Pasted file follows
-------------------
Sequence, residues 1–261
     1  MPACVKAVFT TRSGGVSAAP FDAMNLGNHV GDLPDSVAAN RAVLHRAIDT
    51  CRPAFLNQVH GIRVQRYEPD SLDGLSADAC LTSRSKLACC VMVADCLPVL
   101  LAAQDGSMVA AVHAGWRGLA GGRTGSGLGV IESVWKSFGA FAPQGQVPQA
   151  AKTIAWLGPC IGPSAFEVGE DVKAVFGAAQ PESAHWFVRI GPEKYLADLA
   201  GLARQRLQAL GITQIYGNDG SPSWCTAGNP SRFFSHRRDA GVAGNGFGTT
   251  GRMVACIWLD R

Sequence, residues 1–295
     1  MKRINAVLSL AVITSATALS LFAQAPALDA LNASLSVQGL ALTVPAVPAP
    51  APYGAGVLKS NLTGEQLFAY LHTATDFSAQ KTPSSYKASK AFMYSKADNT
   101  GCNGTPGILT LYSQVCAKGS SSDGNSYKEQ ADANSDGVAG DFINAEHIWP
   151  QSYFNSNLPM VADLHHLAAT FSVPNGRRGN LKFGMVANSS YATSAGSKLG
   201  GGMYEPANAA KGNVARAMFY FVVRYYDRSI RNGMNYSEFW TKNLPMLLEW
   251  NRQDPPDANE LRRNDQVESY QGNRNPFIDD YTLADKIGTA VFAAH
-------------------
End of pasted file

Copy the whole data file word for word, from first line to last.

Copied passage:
Sequence, residues 1–261
     1  MPACVKAVFT TRSGGVSAAP FDAMNLGNHV GDLPDSVAAN RAVLHRAIDT
    51  CRPAFLNQVH GIRVQRYEPD SLDGLSADAC LTSRSKLACC VMVADCLPVL
   101  LAAQDGSMVA AVHAGWRGLA GGRTGSGLGV IESVWKSFGA FAPQGQVPQA
   151  AKTIAWLGPC IGPSAFEVGE DVKAVFGAAQ PESAHWFVRI GPEKYLADLA
   201  GLARQRLQAL GITQIYGNDG SPSWCTAGNP SRFFSHRRDA GVAGNGFGTT
   251  GRMVACIWLD R

Sequence, residues 1–295
     1  MKRINAVLSL AVITSATALS LFAQAPALDA LNASLSVQGL ALTVPAVPAP
    51  APYGAGVLKS NLTGEQLFAY LHTATDFSAQ KTPSSYKASK AFMYSKADNT
   101  GCNGTPGILT LYSQVCAKGS SSDGNSYKEQ ADANSDGVAG DFINAEHIWP
   151  QSYFNSNLPM VADLHHLAAT FSVPNGRRGN LKFGMVANSS YATSAGSKLG
   201  GGMYEPANAA KGNVARAMFY FVVRYYDRSI RNGMNYSEFW TKNLPMLLEW
   251  NRQDPPDANE LRRNDQVESY QGNRNPFIDD YTLADKIGTA VFAAH